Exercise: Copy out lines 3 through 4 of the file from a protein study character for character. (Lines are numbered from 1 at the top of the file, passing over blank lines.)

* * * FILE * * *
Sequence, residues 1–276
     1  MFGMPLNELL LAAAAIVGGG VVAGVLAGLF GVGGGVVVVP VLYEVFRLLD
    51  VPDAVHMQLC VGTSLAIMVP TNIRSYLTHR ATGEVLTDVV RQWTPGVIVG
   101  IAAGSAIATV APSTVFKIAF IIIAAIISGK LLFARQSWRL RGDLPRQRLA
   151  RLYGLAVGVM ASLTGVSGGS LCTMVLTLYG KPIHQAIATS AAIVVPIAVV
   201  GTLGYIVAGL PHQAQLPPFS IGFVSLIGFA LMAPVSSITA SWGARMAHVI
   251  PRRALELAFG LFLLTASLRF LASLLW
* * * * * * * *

    51  VPDAVHMQLC VGTSLAIMVP TNIRSYLTHR ATGEVLTDVV RQWTPGVIVG
   101  IAAGSAIATV APSTVFKIAF IIIAAIISGK LLFARQSWRL RGDLPRQRLA